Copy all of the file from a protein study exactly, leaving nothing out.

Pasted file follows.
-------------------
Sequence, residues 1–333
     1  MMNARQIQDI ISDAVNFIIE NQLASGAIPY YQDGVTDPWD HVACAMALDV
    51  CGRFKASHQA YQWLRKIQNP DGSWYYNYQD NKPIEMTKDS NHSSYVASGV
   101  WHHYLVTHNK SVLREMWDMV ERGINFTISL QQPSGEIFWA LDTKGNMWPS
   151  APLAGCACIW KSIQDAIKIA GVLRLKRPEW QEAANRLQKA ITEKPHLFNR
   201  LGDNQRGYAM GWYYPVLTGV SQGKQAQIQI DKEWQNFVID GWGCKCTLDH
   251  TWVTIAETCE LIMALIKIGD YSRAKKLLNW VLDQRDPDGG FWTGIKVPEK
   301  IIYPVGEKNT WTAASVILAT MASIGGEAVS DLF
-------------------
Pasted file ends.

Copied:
Sequence, residues 1–333
     1  MMNARQIQDI ISDAVNFIIE NQLASGAIPY YQDGVTDPWD HVACAMALDV
    51  CGRFKASHQA YQWLRKIQNP DGSWYYNYQD NKPIEMTKDS NHSSYVASGV
   101  WHHYLVTHNK SVLREMWDMV ERGINFTISL QQPSGEIFWA LDTKGNMWPS
   151  APLAGCACIW KSIQDAIKIA GVLRLKRPEW QEAANRLQKA ITEKPHLFNR
   201  LGDNQRGYAM GWYYPVLTGV SQGKQAQIQI DKEWQNFVID GWGCKCTLDH
   251  TWVTIAETCE LIMALIKIGD YSRAKKLLNW VLDQRDPDGG FWTGIKVPEK
   301  IIYPVGEKNT WTAASVILAT MASIGGEAVS DLF